Germination temperature for Trichocereus bridgesii or Echinopsis lageniformis is around 25°-30° Celsius. But be careful because small seedlings die very easily because of too much heat. Especially if you germinate in closed containers, temps can get quite high in there. The time needed for them to germinate is between 2-6 weeks. If nothing has germinated after that, it´s probably because a.) there wasn’t enough water to kick start the germination. In this case just add more water and wait some more. b.) the temperatures were not high enough. In this case, just increase the temps and continue to germinate. Or C.) The seed is dead.
Bad quality Trichocereus seeds
There are a couple black sheep in seed business who sell seed that´s between 10-20 years old and the viability is horrible. So if you did everything right and nothing germinated, it´s the seed. Seed quality on the market varies greatly and you never know what batch you will end up with. So if you had a batch batch, I´d recommend you to contact the seller and ask him about it. Stay friendly and polite and they will replace it because they are aware of the great differences in seed quality.
Trichocereus bridgesii can be grown from seed pretty easily. But you can also take cuttings and re-root them. This way, you can multiply your plants dramatically and if you are trying to get a lot of plants, you can also try areole grafting. Trichocereus bridgesii is pretty tough and you can basically stick it in a dry medium like sand and it will probably grow. Just make sure to let the cuts dry out and give the wound enough fresh air until everything is calloused. I use bird sand for that purpose, which is the mineral soil mix that you get in pet stores for the birds to take their dump in. It contains anise and some other minerals that just prevent mold and infections and it is perfect for rooting plants in it.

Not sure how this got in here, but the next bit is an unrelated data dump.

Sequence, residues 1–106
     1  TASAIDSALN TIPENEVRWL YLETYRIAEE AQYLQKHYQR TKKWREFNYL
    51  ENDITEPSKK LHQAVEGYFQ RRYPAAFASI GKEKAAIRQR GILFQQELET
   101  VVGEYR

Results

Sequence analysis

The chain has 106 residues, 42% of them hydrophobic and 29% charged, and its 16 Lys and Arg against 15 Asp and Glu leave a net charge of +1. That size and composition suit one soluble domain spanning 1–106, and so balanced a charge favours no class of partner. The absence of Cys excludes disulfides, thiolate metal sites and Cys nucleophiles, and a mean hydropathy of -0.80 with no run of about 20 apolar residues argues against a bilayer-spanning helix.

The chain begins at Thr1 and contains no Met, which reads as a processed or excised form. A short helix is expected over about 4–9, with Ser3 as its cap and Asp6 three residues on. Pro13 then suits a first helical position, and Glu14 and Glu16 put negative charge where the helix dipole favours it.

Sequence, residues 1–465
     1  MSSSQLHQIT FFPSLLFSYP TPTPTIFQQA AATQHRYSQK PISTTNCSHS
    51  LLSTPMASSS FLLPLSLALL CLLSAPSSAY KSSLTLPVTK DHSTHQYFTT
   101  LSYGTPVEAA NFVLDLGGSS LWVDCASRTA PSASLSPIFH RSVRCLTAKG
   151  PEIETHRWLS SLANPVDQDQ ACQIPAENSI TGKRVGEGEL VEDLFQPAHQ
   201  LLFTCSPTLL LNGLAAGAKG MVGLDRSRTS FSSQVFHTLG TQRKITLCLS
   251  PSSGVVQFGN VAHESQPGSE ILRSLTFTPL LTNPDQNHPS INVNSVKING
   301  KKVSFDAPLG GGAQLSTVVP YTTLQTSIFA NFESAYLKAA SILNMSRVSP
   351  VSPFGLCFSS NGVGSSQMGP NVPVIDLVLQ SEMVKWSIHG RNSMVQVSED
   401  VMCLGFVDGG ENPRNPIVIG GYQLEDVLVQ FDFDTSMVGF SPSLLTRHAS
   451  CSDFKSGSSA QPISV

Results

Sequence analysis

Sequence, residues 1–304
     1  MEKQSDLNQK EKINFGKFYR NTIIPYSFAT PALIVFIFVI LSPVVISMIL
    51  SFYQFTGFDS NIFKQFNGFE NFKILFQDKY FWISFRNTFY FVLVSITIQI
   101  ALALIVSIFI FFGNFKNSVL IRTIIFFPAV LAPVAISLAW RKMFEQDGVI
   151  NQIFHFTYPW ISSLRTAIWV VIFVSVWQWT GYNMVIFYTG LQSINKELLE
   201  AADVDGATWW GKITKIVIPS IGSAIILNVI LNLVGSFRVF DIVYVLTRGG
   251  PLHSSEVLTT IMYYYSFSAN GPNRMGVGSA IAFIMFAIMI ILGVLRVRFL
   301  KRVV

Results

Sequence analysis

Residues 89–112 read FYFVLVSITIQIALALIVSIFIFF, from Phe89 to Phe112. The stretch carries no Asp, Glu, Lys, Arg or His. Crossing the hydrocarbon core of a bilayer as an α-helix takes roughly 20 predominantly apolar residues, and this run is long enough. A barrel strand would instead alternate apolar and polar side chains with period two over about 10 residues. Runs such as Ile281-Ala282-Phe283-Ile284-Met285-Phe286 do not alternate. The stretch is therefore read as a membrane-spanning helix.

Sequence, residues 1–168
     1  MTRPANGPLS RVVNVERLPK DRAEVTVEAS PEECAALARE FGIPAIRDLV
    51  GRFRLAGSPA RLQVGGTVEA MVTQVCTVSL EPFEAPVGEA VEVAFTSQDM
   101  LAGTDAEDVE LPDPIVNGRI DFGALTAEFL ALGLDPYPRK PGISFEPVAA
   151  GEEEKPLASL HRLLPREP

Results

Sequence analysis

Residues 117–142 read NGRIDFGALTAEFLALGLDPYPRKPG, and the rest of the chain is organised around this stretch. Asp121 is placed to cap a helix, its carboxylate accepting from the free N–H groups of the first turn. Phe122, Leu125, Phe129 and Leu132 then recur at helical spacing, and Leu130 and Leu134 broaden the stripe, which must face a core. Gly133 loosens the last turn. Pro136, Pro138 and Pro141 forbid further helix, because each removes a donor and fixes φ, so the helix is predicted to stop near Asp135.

USDA Zones Trichocereus bridgesii:
10a, 10B and 11
Can be used as grafting stock or just because its´an amazing cactus. Besides, Trichocereus bridgesii is used as natural fence to keep away animals and people.
Photos of T. bridgesii
This is a Herbarium Sample of Trichocereus Bridgesii! Pic: Ben Kamm, Sacredsucculents.com:
TBM aka Trichocereus bridgesii Monstrosa Clone A and B
Peter A. Mansfeld – Trichocereus Bridgesii Monstrose B, Penis Plant
A short spine version of Trichocereus bridgesii (Rodni Kisar)
Trichocereus bridgesii ‘Jeans’ (Gus Freeman)
Monstrose version of Trichocereus bridgesii (Philocacti)
Trichocereus bridgesii in Bolivia (Ben Kamm)
A Trichocereus bridgesii cultivar
Trichocereus bridgesii (Simon Maddern)
Echinopsis bridgesii is not the same as Trichocereus bridgesii
Echinopsis bridgesii K. Trout. Please note that this Bolivian Echinopsis species is not Trichocereus bridgesii. The Echinopsis name was already taken, which is why T.bridgesii is now called Echinopsis lageniformis
KK919 photo by Delia Kisar
Below: T.bridgesii ‘Bruce’ aka E.lageniformis ‘Bruce (GOT and LHB)
There are all kinds of Trichocereus hybrids out there and I am happy to show you a couple of the resulting crosses on this page. I will try to update this page as often as I can, to show you what others grew from a certain cross.
Now let me add a little bit of background info to give you an understanding how this breeding works in case you are completely new to this. Almost all Trichocereus species are self-sterile. That means that you need pollen from another plant to produce seed. The pollen donor needs to be genetically different from the receiver. Because of that, it´s not possible to cross two different cuttings from the same mother plant. If you list the parents of a cross, it looks something like this:
Trichocereus peruvianus x Trichocereus bridgesii
That simply means that the Peruvianus is the mother plant, while Trichocereus bridgesii is the Father. In most cases, the resulting offspring comes closer to the mother than to the father. However, there are a lot of exceptions to this and sometimes, the genes of the father are simply more dominant.